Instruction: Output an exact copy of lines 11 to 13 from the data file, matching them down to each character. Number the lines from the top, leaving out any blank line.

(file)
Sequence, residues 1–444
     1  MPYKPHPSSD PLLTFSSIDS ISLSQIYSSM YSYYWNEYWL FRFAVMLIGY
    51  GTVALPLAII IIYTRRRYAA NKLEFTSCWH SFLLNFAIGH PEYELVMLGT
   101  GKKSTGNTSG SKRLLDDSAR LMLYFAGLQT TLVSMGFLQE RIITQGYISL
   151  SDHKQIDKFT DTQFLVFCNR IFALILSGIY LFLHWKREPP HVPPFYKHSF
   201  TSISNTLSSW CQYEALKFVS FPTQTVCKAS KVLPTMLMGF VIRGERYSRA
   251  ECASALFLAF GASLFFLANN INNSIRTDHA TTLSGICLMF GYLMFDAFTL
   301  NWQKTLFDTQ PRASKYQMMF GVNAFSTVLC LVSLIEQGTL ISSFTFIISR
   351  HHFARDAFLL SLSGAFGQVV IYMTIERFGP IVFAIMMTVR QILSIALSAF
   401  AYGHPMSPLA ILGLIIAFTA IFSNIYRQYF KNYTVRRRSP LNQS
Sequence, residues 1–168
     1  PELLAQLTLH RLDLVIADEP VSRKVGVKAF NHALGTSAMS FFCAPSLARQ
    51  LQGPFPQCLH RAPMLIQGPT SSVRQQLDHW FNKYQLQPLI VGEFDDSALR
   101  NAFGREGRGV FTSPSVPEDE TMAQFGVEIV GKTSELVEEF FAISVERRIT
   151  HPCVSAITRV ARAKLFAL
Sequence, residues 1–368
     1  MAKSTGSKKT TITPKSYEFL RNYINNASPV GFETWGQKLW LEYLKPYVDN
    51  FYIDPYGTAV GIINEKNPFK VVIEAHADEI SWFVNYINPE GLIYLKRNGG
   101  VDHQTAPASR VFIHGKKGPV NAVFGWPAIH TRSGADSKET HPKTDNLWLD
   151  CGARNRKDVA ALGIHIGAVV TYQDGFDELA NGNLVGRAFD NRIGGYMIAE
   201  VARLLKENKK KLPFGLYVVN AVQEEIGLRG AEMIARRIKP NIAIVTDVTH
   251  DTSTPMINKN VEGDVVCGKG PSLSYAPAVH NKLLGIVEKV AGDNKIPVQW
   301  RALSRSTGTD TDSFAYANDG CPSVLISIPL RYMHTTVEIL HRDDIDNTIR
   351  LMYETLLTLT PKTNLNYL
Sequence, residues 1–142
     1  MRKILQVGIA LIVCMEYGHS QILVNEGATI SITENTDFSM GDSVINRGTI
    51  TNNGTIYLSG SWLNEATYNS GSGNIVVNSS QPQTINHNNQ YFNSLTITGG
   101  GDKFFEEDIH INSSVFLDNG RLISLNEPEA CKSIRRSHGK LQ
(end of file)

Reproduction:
Sequence, residues 1–168
     1  PELLAQLTLH RLDLVIADEP VSRKVGVKAF NHALGTSAMS FFCAPSLARQ
    51  LQGPFPQCLH RAPMLIQGPT SSVRQQLDHW FNKYQLQPLI VGEFDDSALR